Stratfor Firm Spied on Occupy Movement

Russia Today
January 29, 2012

Anonymous promised that after hacking the intelligence firm Stratfor, called by some a “shadow CIA,” they’d prove that they were more than just a consulting firm.

Now it looks like the private company worked along with law enforcement in attempting to bring down the Occupy movement.

In some of the latest pieces of correspondence made public, however, information that many had already suspected about the role law enforcement played in infiltrating the Occupy Wall Street movement is brought to light. In an exchange of emails between Stratfor executives that has been published by hackers involved in the matter, employees of the firm go back-and-forth with one another in detail over information that Texas law enforcement supplied the firm after investigating an Austin Occupy meet-up.

In the emails, Stratfor employees discuss intel about the Occupy movement that was supplied to them by a “Texas DPS agent,” or an officer within the ranks of the Lone Star State’s Department of Public Safety. The DPS is a state-wide law enforcement agency that investigates suspicious activity and allegations of terrorism within Texas. The question of why state law enforcement shared that email with a private intelligence firm is open to interpretation, but certainly suggests that attempts to understand and perhaps undermine the local OWS chapter was more than just a minor operation.

According to the documentation, which includes correspondence from late 2011, Stratfor employees discuss both Occupy Austin and the Deep Green Resistance, or DGR. While DGR is not directly affiliated with Occupy Wall Street, it is a similar movement — to a degree — that encourages environmental activism that isn’t present in more mainstream campaigns. In a press release, the DGR attacks both Texas authorities and Strarfor for their newly revealed roles.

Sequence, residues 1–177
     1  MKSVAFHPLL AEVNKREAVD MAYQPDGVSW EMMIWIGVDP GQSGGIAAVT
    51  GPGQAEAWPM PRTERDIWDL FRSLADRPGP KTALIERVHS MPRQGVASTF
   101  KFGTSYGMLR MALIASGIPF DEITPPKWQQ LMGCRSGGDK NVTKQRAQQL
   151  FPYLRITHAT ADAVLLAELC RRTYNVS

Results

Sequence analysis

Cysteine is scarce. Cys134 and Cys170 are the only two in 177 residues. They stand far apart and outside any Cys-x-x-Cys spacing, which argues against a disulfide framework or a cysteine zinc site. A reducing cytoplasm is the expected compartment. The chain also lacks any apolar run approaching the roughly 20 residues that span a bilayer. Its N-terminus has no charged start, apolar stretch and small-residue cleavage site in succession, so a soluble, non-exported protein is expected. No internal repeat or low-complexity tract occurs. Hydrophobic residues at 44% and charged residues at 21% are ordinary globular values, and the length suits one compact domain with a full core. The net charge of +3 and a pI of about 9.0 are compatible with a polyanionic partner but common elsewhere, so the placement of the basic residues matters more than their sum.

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Anonymous Hacks Monsanto

by Fahmida Y Rashid
July 18, 2011

Anonymous releases information stolen from Monsanto as the US Senate addresses cyber-security issues

The hacking group Anonymous has struck again, this time releasing documents it said it stole from the network of giant biotechnology and agricultural seed company Monsanto in retribution for alleged corporate misconduct.

The hacking collective posted information it stole last month on 2,500 Monsanto employees and associates, the group announced. Anonymous also launched a distributed denial-of-service attack on Monsanto’s international Websites, forcing the company to shut down the sites for approximately three days.

Monsanto Laid Bare After Two Weeks

The group claimed it spent two months attacking the Monsanto network to access hundreds of pages of documents that it contends reveal “Monsanto’s corrupt, unethical, and downright evil business practices”.